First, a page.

May 28, 2008 / 4:13 PM / 10 years ago

TD Bank profit dips, sees flat 2008 earnings

TORONTO (Reuters) - Toronto-Dominion Bank (TD.TO) said on Wednesday its second-quarter profit fell 3 percent, hit by a tough environment in wholesale banking and restructuring charges for its recent U.S. acquisition, Commerce Bancorp.

President and Chief Executive Officer of The Toronto Dominion Bank, Edmund Clark, speaks to shareholders during the annual general meeting in Edmonton in this March 25, 2004 file photo. REUTERS/Dan Riedlhuber

“We did regard it as a disappointing quarter because we’re not used to having a drop in earnings,” President and Chief Executive Ed Clark said on a conference call. “But I think (it was) quite an acceptable quarter, given the market conditions in which we’re operating.”

TD Bank, Canada’s second-largest bank by market value, said it does not expect any earnings growth in 2008, after warning earlier this year that it was unlikely to hit even the low end of its 7 percent to 10 percent growth target.

But Clark said the outlook could brighten if financial markets improve, producing better earnings in its wholesale banking and wealth-management units, the two weak links in the quarter.

TD Bank’s poor showing in capital-markets businesses came a day after Bank of Montreal (BMO.TO) and Bank of Nova Scotia (BNS.TO) said their profits in those areas had suffered.

TD’s results “are fairly consistent with what we saw yesterday,” said Craig Fehr, an analyst at Edward Jones.

“The capital markets side of the business is obviously the real drag on earnings this quarter and I don’t think any bank can escape that,” he said.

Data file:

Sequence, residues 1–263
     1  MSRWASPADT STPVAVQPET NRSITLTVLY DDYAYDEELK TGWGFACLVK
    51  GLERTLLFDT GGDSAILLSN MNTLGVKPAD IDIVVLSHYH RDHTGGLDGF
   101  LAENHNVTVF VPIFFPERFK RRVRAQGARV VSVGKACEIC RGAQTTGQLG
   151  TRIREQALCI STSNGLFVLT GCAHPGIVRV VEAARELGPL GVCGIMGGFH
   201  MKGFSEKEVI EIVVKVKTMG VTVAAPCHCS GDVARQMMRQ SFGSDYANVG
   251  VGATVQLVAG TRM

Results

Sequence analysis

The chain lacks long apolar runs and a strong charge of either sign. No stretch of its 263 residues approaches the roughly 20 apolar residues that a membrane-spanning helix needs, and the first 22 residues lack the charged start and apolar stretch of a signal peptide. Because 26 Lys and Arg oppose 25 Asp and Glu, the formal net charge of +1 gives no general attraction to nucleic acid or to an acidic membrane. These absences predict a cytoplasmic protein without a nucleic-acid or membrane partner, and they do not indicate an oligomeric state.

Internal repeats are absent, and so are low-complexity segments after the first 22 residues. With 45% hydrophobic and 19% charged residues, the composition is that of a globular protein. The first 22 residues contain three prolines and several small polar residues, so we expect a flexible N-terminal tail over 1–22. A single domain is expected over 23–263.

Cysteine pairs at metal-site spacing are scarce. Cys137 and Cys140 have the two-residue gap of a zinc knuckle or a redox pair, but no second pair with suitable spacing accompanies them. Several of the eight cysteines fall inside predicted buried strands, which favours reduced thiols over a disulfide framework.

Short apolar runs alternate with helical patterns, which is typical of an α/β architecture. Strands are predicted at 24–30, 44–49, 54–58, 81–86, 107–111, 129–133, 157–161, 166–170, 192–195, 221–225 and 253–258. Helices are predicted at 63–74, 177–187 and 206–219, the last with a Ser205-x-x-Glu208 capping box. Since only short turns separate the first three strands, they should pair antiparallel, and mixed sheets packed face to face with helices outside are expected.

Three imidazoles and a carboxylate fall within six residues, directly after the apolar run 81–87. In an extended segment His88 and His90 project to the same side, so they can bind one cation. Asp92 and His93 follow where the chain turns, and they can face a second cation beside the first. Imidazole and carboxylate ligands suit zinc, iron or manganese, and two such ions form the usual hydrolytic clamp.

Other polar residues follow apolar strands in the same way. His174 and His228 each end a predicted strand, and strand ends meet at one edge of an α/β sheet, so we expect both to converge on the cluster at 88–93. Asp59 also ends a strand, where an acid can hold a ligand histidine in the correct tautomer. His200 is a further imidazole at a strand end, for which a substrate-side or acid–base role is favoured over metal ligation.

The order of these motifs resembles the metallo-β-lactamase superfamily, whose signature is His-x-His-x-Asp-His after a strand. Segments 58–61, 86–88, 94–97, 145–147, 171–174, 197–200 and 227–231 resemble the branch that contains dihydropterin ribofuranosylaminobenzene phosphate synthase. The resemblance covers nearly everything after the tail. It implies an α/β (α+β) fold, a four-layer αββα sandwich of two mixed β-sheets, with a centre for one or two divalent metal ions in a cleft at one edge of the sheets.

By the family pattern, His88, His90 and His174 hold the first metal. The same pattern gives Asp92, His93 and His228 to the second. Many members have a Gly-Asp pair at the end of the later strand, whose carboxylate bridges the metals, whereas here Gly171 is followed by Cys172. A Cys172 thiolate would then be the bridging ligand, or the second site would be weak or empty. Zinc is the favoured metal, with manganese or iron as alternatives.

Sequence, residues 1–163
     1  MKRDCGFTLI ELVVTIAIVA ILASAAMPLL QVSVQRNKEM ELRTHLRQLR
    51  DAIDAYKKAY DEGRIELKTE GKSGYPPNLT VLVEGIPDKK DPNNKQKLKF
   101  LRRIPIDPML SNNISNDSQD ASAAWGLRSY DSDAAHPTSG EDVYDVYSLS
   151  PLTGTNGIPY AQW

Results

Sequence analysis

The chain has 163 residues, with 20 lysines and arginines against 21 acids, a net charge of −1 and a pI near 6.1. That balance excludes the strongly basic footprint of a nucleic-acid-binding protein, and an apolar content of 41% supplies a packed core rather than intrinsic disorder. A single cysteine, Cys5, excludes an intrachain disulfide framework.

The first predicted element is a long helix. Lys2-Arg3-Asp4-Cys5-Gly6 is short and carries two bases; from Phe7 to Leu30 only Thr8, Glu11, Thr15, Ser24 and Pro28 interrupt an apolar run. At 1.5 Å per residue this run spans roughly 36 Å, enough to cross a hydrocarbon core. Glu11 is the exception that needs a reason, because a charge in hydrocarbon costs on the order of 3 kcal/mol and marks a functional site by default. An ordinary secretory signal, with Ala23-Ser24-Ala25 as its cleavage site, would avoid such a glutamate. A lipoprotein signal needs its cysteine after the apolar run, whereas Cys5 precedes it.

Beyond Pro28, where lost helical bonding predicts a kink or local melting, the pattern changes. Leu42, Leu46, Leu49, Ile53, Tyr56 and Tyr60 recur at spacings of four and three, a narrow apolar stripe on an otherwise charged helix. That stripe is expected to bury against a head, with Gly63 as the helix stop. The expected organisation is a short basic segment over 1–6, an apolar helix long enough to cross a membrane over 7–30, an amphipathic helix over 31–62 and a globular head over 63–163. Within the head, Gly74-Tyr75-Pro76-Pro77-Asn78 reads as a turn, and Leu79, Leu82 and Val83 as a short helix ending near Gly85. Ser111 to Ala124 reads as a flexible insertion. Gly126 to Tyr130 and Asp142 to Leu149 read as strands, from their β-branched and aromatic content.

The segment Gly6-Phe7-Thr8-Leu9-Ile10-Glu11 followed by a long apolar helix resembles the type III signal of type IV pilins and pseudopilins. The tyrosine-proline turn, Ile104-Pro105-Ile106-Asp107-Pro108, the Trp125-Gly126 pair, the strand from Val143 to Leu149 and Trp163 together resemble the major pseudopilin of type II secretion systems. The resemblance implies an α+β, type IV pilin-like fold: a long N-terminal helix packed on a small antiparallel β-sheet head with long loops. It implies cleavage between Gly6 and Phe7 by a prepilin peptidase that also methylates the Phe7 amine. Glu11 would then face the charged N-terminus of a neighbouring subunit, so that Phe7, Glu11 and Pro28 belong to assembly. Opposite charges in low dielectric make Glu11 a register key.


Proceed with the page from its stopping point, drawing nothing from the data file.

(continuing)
TD said its wholesale banking profit tumbled 57 percent to C$93 million ($94 million) as trading revenue and securities gains fell.

At TD Canada Trust, its domestic personal and commercial banking unit, profit rose 8 percent to C$582 million.

Most of TD’s profit comes from its retail banking operations in Canada and the United States, and retail results appear to be “holding up fairly well,” Fehr added.

But Brad Smith at Blackmont Capital said that domestic banking and wealth-management revenue growth of just above 4 percent was weaker than he had expected.

Overall, TD Bank said net income was C$852 million, or C$1.12 a share, in the February-April quarter. That was down from C$879 million, or C$1.20 a share, a year earlier.

TD said its adjusted earnings — which exclude various items such as charges related to the acquisition — amounted to C$1.32 a share, down from C$1.36 a year earlier.

Analysts had expected earnings of C$1.39 a share before exceptional items, according to Reuters Estimates.

TD Bank closed its US$8.5 billion cash-and-stock acquisition of New Jersey-based Commerce Bancorp on March 31, but its second-quarter results do not include any operating results from Commerce due to a difference in their fiscal quarter-ends.

TD did take charges of C$30 million after tax, or 4 Canadian cents a share, for Commerce restructuring and integration costs in April.

Excluding the Commerce charges, TD’s U.S. retail banking segment contributed C$130 million in earnings, more than twice the amount of a year earlier, when TD owned a smaller percentage of New England-based TD Banknorth.

Profit in wealth management — which includes TD’s 40 percent stake in TD Ameritrade (AMTD.O) — fell 8 percent to C$182 million.

The bank said its provisions for credit losses, a measure that many analysts are closely watching, rose to C$232 million from C$172 million a year earlier.

Shares of TD Bank were down for much of Wednesday’s session but rallied late in the day and closed at C$68.70 on the Toronto Stock Exchange, up 26 Canadian cents, or 0.4 percent.

($1=$0.99 Canadian)

Reporting by Lynne Olver; editing by Peter Galloway

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